The Need for Perimeter Scoring

While Milwaukee has one of, if not the best shooting backcourts in the league in Lillard and Beasley, the opposite can be said about their defense. Both players are turnstiles on the drive and often struggle with losing their matchup while playing off-ball, which should create plenty of opportunities for Conley, Edwards and McDaniels.

Depending upon who starts between Crowder and Pat Connaughton, either Edwards or McDaniels will draw the Beasley matchup and they will need to relentlessly attack their old teammate for profit.

Only the Indiana Pacers (1,880) have allowed more unassisted points on 2-pointers than the Bucks (1,590), per PBP Stats. The Bucks have also allowed the highest frequency of both wide open 2-point shot attempts (nearest defender 6+ feet away; 5.0%) and second-highest frequency of open 2-point shot attempts (nearest defender 4-6 feet away; 14.6%).

However, they rank near the bottom in both metrics on 3-pointers, largely because they have emphasized running shooters off the line. Milwaukee opponent 3-point attempt rate (33.8% of total shots) ranks fifth in the NBA.

The more the Wolves’ trio of perimeter players can get past the first line of defense and spray the ball out to get the defense in rotation and create open 3-point looks, they better they’ll be. Milwaukee’s starting five does an excellent job of preventing shot attempts at the rim, but their blended and bench lineups have really struggled in that department, so that will become an even greater point of emphasis at the end of the first and third quarters, and beginning of the second and fourth frames. With Bobby Portis being dangled as the Bucks’ main salary matching asset in trade talks, there is a chance he may not play tomorrow, which would even further complicate their defensive woes.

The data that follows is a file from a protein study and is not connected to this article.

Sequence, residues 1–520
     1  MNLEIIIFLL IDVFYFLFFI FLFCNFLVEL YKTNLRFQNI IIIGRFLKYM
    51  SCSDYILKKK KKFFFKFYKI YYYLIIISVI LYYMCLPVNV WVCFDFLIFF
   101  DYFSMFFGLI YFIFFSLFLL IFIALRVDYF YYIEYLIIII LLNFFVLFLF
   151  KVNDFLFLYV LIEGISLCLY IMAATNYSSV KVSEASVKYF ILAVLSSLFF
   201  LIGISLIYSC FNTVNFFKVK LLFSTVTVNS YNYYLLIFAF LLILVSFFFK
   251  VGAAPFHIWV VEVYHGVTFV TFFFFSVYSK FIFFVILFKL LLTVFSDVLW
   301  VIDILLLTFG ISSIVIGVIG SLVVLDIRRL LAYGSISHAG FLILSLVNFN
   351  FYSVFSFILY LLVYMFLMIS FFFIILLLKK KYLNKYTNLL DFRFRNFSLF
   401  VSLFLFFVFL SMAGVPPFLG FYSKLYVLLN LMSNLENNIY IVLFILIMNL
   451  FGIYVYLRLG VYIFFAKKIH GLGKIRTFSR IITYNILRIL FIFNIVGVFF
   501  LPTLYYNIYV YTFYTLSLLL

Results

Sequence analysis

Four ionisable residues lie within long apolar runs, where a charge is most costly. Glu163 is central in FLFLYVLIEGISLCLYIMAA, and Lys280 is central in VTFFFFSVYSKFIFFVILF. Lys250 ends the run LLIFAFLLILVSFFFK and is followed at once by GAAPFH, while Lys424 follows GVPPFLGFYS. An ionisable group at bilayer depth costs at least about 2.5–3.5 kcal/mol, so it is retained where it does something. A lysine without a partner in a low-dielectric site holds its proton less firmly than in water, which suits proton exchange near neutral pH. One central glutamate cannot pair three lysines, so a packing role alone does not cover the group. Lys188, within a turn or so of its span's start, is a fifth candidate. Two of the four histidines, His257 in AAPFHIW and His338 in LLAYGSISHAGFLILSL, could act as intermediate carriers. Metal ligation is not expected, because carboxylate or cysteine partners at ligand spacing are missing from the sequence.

For Edwards and McDaniels, especially, they will need to be active drivers in their non-starter minutes to do the bulk of their scoring. They will have a mismatch on them more often than they won’t, and scoring efficiently in the mid-range and at the rim will be a crucial determinant of who wins and who loses this one.

And for Conley, with Milwaukee now under Rivers, they are back in their more standard drop coverage from previous years, that will create more opportunities for him to score in the two-man game with Gobert, regardless of who is out there for the Bucks.